According to sabermetrician Tom Tango’s run-scoring matrix, an average team would be expected to score about 2.05 runs with runners at second and third and no outs; with a runner on second and one out, the average run production is about 0.7 runs. That data is from 1993 through 2010, so the run-scoring environment is a little lower now, and of course you would have to adjust based on upcoming hitters and so forth. Still, Lamont’s decision was about a 1.3-run decision. Fair or not, he made the wrong one.

Blanco’s relay throw actually airmailed shortstop Crawford, but Scutaro -- him again! -- was backing up and threw home to catcher Posey, and replays showed he tagged Fielder on his shoe and/or rump just before he slid across the plate. If Fielder had slid to the back part of the plate, he probably would've been safe, as Posey would have had to stretch to make the tag. That’s asking a lot from Fielder, however; he's not paid to slide expertly into home plate. Yes, the next two Tigers hitters popped out and struck out, so maybe Fielder wouldn’t have scored, but it’s kind of like time travel: That play changes everything that potentially comes after.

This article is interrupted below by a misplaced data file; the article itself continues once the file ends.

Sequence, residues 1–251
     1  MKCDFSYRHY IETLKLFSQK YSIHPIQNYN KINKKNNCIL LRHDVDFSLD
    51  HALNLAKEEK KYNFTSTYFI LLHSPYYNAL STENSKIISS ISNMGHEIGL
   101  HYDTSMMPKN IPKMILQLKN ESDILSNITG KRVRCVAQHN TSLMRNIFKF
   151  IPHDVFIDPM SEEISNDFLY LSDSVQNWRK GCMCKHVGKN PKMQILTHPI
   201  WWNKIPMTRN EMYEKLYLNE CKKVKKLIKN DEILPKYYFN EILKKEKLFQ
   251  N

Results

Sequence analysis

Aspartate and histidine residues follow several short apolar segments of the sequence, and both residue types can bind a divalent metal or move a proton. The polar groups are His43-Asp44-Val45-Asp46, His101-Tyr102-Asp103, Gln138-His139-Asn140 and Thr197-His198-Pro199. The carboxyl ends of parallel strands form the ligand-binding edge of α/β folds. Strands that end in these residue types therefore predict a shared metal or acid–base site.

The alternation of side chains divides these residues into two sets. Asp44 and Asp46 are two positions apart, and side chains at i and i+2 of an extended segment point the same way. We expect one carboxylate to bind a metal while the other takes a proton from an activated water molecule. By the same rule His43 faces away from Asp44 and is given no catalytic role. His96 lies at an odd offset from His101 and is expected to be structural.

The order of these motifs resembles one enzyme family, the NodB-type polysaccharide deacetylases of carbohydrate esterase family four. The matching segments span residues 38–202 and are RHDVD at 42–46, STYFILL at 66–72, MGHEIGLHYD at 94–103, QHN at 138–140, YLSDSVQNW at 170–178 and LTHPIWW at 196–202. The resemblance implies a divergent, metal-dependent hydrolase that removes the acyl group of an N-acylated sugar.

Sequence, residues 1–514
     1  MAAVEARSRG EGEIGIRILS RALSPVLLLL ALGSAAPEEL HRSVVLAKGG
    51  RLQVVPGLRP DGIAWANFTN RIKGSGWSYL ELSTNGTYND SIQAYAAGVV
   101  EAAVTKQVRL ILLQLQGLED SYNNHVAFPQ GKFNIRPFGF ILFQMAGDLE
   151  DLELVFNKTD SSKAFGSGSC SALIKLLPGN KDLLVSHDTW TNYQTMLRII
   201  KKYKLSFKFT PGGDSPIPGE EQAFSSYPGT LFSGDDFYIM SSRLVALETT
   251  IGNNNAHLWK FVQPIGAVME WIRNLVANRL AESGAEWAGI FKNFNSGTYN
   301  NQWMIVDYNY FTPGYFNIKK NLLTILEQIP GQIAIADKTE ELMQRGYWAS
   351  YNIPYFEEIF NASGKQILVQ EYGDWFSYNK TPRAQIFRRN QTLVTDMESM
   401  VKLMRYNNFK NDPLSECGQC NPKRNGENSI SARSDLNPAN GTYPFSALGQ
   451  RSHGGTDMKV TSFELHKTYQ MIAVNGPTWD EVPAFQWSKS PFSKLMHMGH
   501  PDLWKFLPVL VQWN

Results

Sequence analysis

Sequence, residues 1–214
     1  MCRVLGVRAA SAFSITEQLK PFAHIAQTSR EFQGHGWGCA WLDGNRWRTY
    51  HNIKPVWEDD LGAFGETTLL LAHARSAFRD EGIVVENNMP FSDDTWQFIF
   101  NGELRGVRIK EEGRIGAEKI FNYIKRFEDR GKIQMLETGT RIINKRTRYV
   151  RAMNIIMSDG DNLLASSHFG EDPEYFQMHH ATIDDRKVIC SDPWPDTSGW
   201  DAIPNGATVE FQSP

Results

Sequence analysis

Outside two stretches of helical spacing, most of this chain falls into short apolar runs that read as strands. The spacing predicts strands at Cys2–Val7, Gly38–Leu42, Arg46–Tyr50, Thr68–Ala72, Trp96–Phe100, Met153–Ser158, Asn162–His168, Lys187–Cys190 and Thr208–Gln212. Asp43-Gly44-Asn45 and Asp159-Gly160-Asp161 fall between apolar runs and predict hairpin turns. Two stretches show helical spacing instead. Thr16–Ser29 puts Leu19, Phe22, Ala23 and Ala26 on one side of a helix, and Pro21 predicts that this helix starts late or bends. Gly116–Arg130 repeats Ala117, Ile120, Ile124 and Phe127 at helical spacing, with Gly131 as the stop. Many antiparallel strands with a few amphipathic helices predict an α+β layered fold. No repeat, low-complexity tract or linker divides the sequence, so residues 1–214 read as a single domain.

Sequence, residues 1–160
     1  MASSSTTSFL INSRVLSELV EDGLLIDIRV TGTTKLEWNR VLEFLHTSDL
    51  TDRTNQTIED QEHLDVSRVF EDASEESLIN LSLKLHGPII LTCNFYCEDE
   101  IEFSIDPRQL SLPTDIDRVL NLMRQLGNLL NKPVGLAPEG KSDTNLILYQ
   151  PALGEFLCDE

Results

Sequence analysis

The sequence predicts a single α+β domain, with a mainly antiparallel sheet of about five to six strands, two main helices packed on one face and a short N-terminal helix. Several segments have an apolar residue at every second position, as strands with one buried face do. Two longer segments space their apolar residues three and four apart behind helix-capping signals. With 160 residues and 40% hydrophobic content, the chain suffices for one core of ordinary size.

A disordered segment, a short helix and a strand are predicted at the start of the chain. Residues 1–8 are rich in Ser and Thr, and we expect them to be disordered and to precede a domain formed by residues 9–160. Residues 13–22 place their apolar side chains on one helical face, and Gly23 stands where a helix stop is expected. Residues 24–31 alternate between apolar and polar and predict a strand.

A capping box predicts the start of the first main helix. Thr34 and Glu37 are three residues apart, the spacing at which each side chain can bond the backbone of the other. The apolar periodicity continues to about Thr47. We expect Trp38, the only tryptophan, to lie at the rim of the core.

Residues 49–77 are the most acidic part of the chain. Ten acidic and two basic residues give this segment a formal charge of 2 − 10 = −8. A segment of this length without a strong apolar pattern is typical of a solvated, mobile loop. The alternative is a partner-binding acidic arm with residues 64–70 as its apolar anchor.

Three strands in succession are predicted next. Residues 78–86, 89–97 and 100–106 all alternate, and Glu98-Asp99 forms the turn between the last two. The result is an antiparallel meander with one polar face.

Then, in the top of the fourth, Omar Infante was picked off first and caught at second. With a better slide -- he dragged his foot behind him -- he might have been called safe.

Those two plays exemplified the first two games of the series: The Giants made plays and the Tigers didn't. Pablo Sandoval snagged a Cabrera line drive; Cabrera didn't have the range on Pence's base hit. Scutaro made the relay, Fielder didn't make the slide. Smyly couldn't execute the 3-2 slider that he walked Belt on, Fielder grounded into a 1-6-3 double play after Cabrera had led off the seventh with a walk.

Right now, like Bumgarner's pitches on a perfect San Francisco October evening, everything is working for the Giants.
The obvious answer here is: Well, of course, you do. Starters rarely throw complete games anymore in the postseason; in the past 10 postseasons we've had just 19 complete games. Only two starters have thrown more than one in that span: Josh Beckett and Cliff Lee, with three apiece.

But what I'm really getting at: Can the Detroit Tigers reach and win the World Series without Jose Valverde closing games? Valverde had 35 of Detroit's 40 saves this season, but two disastrous outings against the A's and the Yankees clearly made Jim Leyland lose confidence in him.

So far that hasn't mattered, as Phil Coke has closed out the past two wins. Coke has a good arm -- and as we saw last night when he struck out Raul Ibanez, the ability to put away left-handed batters with that nasty slider -- but he didn't have a good season. Among pitchers with at least 50 innings, only 11 allowed more walks plus hits per inning than Coke. But maybe Leyland has discovered a hot hand. Sometimes that's all you need. Look at World Series champions during the wild-card era with some issues at closer.

[+] EnlargeJose Valverde
AP Photo/Paul SancyaA pair of disastrous outings appears to have cost Jose Valverde his role as Tigers closer.